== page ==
Why Your Content is Worthless
Boing Boing pointed to an excellent post by Paul Graham where he explored the value of content in a post-medium world. Some people disagreed, but I see it differently. There is a reason your content is worthless, and it's not the consumer's fault.
I think he's exactly right, but it seems he doesn't quite realize WHY he's exactly right.
Let's say you have a hardcover, and the hardcover is $20. You pay $20 because that's what a book costs. All good. Books are $20. There's some fraction of that that goes to the printing, and the rest is obviously to pay for the words on the pages. Seems fair.
Now a new invention comes out called the paperback. The same book is now $7. Okay. $7 is even better than $20! That means that the percentage of the production price of the hardcover was actually bigger than we assumed... it had to be well over $13! The actual value of the words on the page must be some fraction of $7, and based on previous experience, it could even be as little as half of the cover price. Well, good to know.
Now we have e-books. E-Books have no physical framing whatsoever. They come downloaded to your laptop or Kindle, which means the publishers aren't shelling out ANYTHING up front, which means their value is something in the range of the actual words on the page. Something like $2. It seems fair. That's what a book is worth.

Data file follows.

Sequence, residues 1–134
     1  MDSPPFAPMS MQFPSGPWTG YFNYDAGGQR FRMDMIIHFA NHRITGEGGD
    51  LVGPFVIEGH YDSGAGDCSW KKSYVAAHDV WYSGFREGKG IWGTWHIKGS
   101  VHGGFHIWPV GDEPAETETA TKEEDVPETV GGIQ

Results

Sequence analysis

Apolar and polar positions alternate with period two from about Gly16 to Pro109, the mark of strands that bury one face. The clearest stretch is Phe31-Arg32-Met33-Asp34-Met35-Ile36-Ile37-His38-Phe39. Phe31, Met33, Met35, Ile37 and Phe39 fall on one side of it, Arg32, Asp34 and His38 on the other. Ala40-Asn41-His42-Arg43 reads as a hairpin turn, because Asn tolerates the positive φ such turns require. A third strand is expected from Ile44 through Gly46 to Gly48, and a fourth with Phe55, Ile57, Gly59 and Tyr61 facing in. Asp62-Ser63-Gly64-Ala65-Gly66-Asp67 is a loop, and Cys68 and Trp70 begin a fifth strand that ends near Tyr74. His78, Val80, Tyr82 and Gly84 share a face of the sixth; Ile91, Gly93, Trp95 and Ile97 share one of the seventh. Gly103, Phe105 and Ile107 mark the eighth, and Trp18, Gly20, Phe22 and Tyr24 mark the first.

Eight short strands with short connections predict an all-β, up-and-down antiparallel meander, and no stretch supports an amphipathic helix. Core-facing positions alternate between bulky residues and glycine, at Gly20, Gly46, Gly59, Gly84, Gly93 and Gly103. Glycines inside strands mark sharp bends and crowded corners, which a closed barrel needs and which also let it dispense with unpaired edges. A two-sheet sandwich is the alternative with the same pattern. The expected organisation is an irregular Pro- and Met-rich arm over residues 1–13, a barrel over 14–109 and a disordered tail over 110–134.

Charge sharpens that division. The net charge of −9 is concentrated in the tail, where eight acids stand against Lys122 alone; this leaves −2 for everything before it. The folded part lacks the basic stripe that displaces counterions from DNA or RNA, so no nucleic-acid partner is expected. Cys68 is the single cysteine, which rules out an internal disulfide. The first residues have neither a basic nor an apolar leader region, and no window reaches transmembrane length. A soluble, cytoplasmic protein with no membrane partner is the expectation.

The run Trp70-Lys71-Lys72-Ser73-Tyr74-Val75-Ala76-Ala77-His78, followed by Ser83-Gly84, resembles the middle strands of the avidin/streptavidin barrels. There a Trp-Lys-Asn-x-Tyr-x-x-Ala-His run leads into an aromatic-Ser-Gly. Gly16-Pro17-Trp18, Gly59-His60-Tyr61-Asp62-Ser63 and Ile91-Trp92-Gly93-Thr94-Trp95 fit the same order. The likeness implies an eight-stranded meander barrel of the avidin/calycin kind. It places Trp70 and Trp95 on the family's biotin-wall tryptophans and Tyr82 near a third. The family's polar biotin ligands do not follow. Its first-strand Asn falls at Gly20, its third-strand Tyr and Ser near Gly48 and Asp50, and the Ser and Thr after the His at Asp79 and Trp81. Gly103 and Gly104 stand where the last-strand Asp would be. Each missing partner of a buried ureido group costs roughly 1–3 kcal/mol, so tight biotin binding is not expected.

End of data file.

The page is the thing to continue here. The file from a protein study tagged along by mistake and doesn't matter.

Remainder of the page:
Now the publishers ask for $20 for that e-book, or $9.99, and no matter how you look at it, you're paying a MASSIVE premium over what you KNOW the book is worth. Not ASSUME, but KNOW. How do you know? Years of experience buying "stuff", where the content-producing industries very carefully taught you how to expect price based on the content wrapper. It was how they increased margins at different stages of a product's life, and I bet they never expected it would come back to bite them.
I think most people have an appreciation of this dynamic, but they don't appreciate it in the order it happened. Content has great value (probably more than anyone is willing to pay), but the producers have trained the marketplace to see it otherwise. This article is perfectly reasoned, assuming the producers' case is true. Assuming basic content has no value, and the illusion has finally been broken by non-physical formats. The assumption is wrong, but the producers have worked hard for many decades to make it SEEM right.
Interestingly, I realize that all the "freemium" models that give away digital versions while charging for more elaborate packaging... those are all buying into this confusion, too. As with Cory's new experiment, if you're paying more for an exquisitely-packaged version of a book, are you paying for the words, or the exquisite packaging? You see? The best we can manage any more is to repeat the same actions that got us here in the first place. Content has virtually no value: if you pay more, it will either be for a physical embellishment, or corporate profit. So says history.